How did you find out about Aerobility?
I saw them at a roadshow in Wolverhampton last year. Later in 2013 I went for a flight at Blackbushe and also tried the flight simulator.
In June 2014 I made my second visit to Aerobility at Blackbushe. Unfortunately my communicator Gemma was ill. I decided to go ahead with the visit anyway.
I flew in a light aircraft. There were 3 of us me, the pilot and another man called Steve.
We flew for about half and hour. The weather was good : light wind and blue sky. I had lovely views of London area. We were not allowed to fly near Heathrow airport because we might crash into a big jet plane!
I wasn’t able to control the plane myself because my arm is too weak. Last year I was able to control a plane in the flight simulator.
The best bit was the take off. I was excited. It’s different in a small plane. We went fast and the plane wobbled as we gained height.
We woke to drizzle and with little chance of flying, so we spent the morning briefing deaf pilots on the conversion process from UK (BGA) to European (EASA) Sailplane Pilot Licensing.
Joan arrived and after lunch the weather brightened up, so we got a K21 out of the hangar to fly. John, Rodney, Joan, Dave and Pete all flew and we managed 5 flights before a late afternoon heavy shower. Unfortunately some of us got wet whilst putting the kit away! Time for a quick beer, then out for an evening meal.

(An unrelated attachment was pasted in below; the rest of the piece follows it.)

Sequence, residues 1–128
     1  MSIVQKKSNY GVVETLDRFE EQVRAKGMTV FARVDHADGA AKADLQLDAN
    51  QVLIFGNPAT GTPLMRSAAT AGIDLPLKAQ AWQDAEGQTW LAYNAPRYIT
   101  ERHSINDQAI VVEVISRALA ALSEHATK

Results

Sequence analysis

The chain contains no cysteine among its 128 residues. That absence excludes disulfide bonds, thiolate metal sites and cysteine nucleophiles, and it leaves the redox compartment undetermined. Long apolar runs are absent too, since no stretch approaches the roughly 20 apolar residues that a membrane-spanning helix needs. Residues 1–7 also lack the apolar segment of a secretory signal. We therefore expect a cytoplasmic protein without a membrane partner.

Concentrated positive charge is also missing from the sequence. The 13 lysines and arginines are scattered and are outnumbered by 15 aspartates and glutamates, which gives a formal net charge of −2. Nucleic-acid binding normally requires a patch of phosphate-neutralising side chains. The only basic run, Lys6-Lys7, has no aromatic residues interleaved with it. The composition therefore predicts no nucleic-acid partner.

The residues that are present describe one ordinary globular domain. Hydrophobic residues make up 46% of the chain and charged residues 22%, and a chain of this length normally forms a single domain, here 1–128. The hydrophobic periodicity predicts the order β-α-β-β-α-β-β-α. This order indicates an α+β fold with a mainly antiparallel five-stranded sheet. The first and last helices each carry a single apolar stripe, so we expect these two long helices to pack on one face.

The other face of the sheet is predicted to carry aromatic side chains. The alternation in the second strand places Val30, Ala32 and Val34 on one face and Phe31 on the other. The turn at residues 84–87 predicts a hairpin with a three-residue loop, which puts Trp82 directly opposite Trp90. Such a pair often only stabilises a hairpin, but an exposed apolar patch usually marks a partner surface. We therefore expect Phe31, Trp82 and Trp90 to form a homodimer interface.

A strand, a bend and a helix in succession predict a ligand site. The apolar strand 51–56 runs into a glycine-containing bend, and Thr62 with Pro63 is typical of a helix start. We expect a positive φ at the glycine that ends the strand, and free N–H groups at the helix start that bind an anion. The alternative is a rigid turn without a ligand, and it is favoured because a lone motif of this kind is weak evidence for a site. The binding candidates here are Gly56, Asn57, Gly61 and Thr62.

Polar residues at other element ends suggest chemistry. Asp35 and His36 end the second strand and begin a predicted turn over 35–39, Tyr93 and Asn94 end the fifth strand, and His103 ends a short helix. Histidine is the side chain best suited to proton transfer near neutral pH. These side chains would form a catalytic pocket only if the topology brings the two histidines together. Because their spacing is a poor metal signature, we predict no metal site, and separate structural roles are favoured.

Sunday turned out to be a classic gliding day. Blue skies dotted with Cumulus clouds.
John gave Rodney a couple of winch launch check flights before before handing him over to Pete for his Bronze Exam.
Rodney & John
We took turns to fly while the rest chatted about flying.
Andrew and Mark probably talking about flying……
John and Joan managed 40 minutes and had to resort to doing loops and chandelles to lose height. Andrew and Yoav had the longest flight over an hour in the blue K13.
Andrew & Yoav waiting for an aerotow
This weekend we were joined by a new member, Mark who is learning to fly Microlights at Kemble. John took Mark for his first flight in a glider, and Mark remarked how smooth the glider was.
Mark & John preparing for flight
The highlight of the day was the news that Rodney passed him Bronze exam. Well done Rodney!
Many thanks to everyone at London Gliding Club for hosting us and for Pete for taking time out of his weekend.
John and Yoav visited Blackbushe aerodrome on the 29th March 2014 and had a really positive meeting with Aerobility about how we might be able to help each other, and to make flying more accessible to deaf people.
Aerobility is an amazing flying charity and is passionate about supporting disabled people in aviation. Deafpilots is going to help provide some advice about how deaf people fly and together we hope to raise awareness about deaf pilots.
We are looking forward to working with them.
You can read Aerobility’s blog about our visit here.
Finally, we’d like to congratulate Aerobility on the the new delivery of their Tecnam G-UCAN.